Three of the necessary factors for a roleplaying group to work are:
- That the players can get along enough to play the game
- That the characters can cooperate enough to achieve party goals
- That the way the characters act and the story progresses is credible and consistent enough that players can suspend disbelief
Your DM is expressing to you that character cooperation is a problem, and is worried that this will lead to player tension or just people not enjoying themselves. You are worried about consistency, which is important - but you still need to satisfy the other concerns. It might be that everyone round the table is 100% fine with the tension between the characters, If you're sure that's true, fine. But it sounds like that might not be the case.
So talk to the DM and the other player, out of character and outside of the session. Start by establishing trust: agree that you all have an interest in finding a way for your characters to cooperate that fits the narrative. Talk about the reasons why they currently don't, the problems that causes, and what could change that might make them cooperate better.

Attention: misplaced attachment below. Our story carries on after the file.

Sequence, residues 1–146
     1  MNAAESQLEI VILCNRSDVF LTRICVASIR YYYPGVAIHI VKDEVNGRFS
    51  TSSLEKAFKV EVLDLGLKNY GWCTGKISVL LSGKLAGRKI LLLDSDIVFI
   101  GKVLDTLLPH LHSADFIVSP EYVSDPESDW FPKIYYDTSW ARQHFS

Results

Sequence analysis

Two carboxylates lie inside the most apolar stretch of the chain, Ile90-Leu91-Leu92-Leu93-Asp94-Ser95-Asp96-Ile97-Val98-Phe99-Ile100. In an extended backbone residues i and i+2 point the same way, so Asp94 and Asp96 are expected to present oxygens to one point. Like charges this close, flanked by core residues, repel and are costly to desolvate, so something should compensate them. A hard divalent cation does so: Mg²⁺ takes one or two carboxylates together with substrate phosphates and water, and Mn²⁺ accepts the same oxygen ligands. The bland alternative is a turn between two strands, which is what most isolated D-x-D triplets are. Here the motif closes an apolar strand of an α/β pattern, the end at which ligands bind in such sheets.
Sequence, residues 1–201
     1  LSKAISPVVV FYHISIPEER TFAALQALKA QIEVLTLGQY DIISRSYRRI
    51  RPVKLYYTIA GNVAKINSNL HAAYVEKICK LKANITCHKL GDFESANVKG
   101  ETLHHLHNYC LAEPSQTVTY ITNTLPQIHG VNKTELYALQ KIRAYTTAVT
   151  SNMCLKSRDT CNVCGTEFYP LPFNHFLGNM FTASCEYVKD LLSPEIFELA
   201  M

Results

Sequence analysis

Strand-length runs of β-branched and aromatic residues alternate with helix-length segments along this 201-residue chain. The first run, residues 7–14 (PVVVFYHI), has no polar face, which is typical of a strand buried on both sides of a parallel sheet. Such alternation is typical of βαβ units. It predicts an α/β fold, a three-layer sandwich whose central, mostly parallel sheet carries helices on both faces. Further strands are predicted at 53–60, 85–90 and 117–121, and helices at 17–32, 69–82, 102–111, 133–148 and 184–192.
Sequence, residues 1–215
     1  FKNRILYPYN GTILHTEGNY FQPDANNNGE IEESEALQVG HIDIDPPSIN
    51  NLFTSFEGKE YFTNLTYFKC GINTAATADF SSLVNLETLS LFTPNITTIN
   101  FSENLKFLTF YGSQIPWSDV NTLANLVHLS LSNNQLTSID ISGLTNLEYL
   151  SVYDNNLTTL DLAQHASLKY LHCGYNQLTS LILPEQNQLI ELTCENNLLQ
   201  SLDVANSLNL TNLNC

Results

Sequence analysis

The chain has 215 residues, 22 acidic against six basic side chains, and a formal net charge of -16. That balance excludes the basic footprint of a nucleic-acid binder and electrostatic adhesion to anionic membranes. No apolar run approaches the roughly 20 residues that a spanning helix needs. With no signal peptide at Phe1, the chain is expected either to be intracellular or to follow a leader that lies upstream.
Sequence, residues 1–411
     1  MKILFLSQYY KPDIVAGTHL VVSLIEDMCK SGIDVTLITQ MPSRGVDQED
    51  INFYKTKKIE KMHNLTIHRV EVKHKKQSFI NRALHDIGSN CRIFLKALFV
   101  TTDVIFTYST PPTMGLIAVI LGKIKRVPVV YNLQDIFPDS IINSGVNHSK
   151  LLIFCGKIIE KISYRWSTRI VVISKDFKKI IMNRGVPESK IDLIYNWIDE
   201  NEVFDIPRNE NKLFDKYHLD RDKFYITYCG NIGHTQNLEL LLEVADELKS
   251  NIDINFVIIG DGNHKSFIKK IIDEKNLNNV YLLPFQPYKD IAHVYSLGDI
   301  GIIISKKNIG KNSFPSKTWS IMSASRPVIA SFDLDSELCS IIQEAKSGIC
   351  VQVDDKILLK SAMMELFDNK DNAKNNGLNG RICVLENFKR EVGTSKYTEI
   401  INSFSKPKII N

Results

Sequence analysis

Ideas for events that might trigger the change:
- The characters realise they are going to be working together for a while and gradually open up.
- The characters are forced to exchange revelations about themselves which lead to them respecting each other more
- One character makes a serious blunder which endangers the party. They apologise, and look for an opportunity to make amends.
- One character blames another for endangering the party. They all have a massive argument... and eventually everyone regrets the tensions and sheepishly apologises.
RP is not just about expressing your character concept in its pure, immutable form, but about telling how your character learns, grows and changes in response to new and unexpected experiences. If the thought crosses your mind that "there's only one way my character can react" take that as a challenge to find a way to confound expectations. Try to find something all three of you can agree on, and if something seems wrong, talk about why.
You should try hard to reach a clear conclusion, probably one which fits neatly into one of these categories:
- It goes well and the DM is confident they can trigger a situation that will resolve the conflict and fits with the plot (and you'll have to wait to find out what it is!).
- It goes well and you between you come up with an idea that will resolve the conflict. You perhaps don't know exactly how it pans out in advance but you both agree as players that the end result will be that the characters' respective 'antisocial behaviours' are dropped.
- You decide that the conflict is not solvable. The characters cannot possibly work together well enough for you to enjoy playing the game and you need to decide how to fix the enjoyment issue. One (or preferably both) of you plans for your character to leave the group.
Remember, you can always tear up a character sheet and roll up a new one. Not so for your real-life relationships.